Yes, schools should work together - we already do
The NAHT's Russell Hobby is spot on about collaboration between schools being essential, but you don't need federations and trusts when you have a teaching school alliance ("We must go forward together, or not at all", Comment, 30 January).
There are more than 500 of these alliances nationally, working with thousands of schools to deliver initial teacher training, provide support and develop leaders. If you're a headteacher, you ought to be part of an alliance for all the reasons Mr Hobby describes - and because it will lead to better educational outcomes for all the children in your area, not just in your school.
Bury St Edmunds
Russell Hobby sees that the future for schools is in voluntary collaborations rather than forced academies. Since 2011, nine schools in our corner of south Bristol have forged an extremely successful voluntary partnership. The Malago Learning Partnership has no legal status, but through a joint moral purpose we have offered each other practical support and aided transition to secondary for the 4,000 children we serve.
I believe that small, close-knit local collaborations can be developed on trust and goodwill. Through this model, Malago has delivered significantly improved results all round, and all our schools are now judged as either "good" or "outstanding". We are providing support to others seeking to establish such ways of working, and are committed to sharing what we have learned and continuing to learn from others.
Chair, Malago Learning Partnership, Bristol
Inspired to succeed or goaded to fail
It does not surprise me that working conditions are cited as a reason why one in 12 staff is leaving the profession every year ("Staff quit teaching at highest rate in 10 years", News, 30 January). However, I would also argue that some teachers quit because they are simply not encouraged or inspired by senior leadership. Staff need to be nurtured and supported. Sadly, some management teams behave in a dictatorial fashion and foster a culture of fear and intimidation. This can be soul-destroying and suppresses creativity, innovation and talent.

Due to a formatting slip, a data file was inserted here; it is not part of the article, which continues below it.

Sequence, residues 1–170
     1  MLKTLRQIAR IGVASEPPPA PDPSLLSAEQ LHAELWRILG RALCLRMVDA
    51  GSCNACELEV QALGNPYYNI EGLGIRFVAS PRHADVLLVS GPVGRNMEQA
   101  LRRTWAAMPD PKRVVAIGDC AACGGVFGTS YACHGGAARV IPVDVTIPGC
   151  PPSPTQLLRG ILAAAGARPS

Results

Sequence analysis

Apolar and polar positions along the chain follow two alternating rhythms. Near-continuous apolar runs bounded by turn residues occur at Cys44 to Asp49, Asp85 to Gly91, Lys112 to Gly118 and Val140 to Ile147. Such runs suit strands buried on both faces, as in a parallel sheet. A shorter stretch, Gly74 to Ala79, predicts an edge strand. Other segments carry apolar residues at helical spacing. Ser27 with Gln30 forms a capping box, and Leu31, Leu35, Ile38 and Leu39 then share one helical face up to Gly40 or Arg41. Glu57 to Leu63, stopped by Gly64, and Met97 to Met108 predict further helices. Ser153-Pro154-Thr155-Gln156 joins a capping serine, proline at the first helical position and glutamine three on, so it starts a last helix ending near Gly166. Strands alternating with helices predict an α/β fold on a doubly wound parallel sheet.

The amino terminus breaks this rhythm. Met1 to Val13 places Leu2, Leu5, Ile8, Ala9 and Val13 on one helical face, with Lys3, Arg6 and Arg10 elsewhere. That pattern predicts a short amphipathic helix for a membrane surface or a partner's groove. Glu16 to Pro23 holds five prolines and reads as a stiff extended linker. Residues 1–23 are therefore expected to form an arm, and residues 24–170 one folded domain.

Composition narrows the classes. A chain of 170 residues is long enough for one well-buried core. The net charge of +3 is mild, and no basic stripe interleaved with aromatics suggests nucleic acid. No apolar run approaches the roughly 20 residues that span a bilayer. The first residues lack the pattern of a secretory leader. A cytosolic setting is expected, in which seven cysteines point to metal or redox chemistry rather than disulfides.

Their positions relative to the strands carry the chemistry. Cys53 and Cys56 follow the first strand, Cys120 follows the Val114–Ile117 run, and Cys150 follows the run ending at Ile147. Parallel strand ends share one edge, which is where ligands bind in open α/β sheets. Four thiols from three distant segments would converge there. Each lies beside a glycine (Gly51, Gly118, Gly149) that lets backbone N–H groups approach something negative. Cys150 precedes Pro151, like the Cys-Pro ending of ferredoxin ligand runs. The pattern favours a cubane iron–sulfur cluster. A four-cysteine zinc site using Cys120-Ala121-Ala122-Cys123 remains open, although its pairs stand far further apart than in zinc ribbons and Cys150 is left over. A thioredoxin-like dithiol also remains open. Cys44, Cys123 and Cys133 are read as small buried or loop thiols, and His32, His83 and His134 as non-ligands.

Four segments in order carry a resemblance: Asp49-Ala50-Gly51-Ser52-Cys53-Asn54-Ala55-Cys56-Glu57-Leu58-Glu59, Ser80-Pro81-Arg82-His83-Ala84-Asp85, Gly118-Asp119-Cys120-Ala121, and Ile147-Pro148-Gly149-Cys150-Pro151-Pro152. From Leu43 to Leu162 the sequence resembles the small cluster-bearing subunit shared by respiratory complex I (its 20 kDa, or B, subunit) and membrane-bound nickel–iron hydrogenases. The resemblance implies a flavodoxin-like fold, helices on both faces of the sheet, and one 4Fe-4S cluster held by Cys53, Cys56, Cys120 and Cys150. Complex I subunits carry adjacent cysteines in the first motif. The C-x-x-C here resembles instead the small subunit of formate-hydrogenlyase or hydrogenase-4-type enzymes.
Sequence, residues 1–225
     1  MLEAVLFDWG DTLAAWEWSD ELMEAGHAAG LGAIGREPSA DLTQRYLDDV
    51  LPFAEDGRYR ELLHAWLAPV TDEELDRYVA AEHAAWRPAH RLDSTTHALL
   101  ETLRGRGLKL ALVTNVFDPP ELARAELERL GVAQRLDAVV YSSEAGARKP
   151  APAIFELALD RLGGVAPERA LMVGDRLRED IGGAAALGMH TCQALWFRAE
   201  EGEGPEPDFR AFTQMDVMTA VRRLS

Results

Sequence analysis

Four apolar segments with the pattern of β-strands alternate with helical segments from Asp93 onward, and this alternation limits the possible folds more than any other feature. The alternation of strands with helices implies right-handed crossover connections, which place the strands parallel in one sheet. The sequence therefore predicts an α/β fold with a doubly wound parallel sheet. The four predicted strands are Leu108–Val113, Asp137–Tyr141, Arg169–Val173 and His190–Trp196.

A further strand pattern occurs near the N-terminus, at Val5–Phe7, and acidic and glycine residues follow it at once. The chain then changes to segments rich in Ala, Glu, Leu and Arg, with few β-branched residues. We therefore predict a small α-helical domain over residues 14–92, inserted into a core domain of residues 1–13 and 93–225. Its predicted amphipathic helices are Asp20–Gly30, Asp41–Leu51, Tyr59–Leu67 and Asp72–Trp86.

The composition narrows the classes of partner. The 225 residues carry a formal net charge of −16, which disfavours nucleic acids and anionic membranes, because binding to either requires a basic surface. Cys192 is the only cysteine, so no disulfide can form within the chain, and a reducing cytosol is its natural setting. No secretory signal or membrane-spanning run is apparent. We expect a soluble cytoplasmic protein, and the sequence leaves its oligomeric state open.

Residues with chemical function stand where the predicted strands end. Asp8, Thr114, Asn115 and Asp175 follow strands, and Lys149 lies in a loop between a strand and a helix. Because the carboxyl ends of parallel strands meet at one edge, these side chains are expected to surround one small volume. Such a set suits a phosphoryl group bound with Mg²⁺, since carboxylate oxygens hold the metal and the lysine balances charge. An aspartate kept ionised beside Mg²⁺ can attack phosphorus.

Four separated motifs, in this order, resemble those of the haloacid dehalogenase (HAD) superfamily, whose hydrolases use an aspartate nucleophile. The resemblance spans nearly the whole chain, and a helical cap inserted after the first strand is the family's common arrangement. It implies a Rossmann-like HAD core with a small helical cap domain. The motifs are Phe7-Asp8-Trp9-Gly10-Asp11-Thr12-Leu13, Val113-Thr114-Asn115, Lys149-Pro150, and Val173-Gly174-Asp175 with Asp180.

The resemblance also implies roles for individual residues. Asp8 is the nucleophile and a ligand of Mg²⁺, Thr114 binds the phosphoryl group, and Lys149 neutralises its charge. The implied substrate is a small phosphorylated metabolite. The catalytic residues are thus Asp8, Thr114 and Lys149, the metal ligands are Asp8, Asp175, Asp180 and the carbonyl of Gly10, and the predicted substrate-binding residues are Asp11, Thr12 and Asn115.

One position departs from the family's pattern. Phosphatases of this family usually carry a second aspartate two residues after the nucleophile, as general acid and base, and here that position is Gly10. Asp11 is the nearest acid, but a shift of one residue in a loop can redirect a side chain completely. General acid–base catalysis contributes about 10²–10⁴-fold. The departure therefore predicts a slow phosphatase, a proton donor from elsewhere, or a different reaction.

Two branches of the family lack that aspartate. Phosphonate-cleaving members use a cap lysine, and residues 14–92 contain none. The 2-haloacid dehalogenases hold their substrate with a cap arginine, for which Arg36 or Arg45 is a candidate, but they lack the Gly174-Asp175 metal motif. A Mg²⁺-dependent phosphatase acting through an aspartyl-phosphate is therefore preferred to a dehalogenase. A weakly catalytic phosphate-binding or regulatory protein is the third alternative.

Mark Damon Chutter
The last word on reading motivation
I agree that allowing Year 6 children to explore young adult literature can be extremely beneficial ("Don't starve children of The Hunger Games", Professional, 30 January).
As Sally Ashworth alludes, the issue is one of motivation: many commentators note a lack of impetus for UK children to become lifelong readers. There is evidence that giving children, when they are ready, the freedom to explore issues within rich YA literature can lead to wider and better reading habits.
YA themes are no less worthwhile than those within "culturally approved" children's literature such as John Boyne's The Boy in the Striped Pyjamas (anti-Semitism, the Holocaust) or even David Walliams' The Boy in the Dress (transvestism).
Lead professional, cognition and learning, special educational needs and disability service, Wiltshire Council
Lead from the front (most of the time)
I applaud Sir Tim Brighouse for the sentiment behind "Headship shouldn't be a vanishing act" (Professional, 30 January). However, headteachers do need to create a space for themselves: they are key leaders who need to be able to reflect and plan; they should not become so indispensable on a daily basis that this is compromised. Be seen and be around to listen to your staff, but create a space to lead, too.
Let's be pragmatic about practical science
Education secretary Nicky Morgan has called on Ofqual to rethink its decision to stop science practicals counting towards final grades. If the regulator sticks to its guns, as it appears to be doing, this will have a significant impact on the young people (20,000 families and rising) studying A-level and GCSE sciences at home through distance and online learning.
It is challenging to obtain salts from sea water or assess the factors that influence the activity of enzymes in a domestic setting, but many ways of carrying out scientific investigations lead to effective learning. There is a big difference, however, between doing an experiment in the spirit of scientific discovery and conducting one under exam conditions.
Semta (the sector skills council for science, engineering and manufacturing) has warned that the UK faces a shortfall of 80,000 workers by 2016. Do we really want to risk losing what home-schooled young people have to offer because of a decision to include the results of practicals in the final exam grade?
Dr Ros Morpeth
Chief executive, National Extension College
With languages, you must sink or swim
Learning a foreign language in a British school is like learning to swim by standing beside a pool and waving your arms. In both cases, you need immersion. Independent schools now have large numbers of Spanish children who spend a year boarding in Britain simply in order to become colloquially fluent in English. They return to the Spanish education system fully equipped with a second language.
British education has become exam-oriented and results-driven: could it accommodate young people taking a year out in the greater interest of really learning a foreign language?
Managing partner, Greenings Education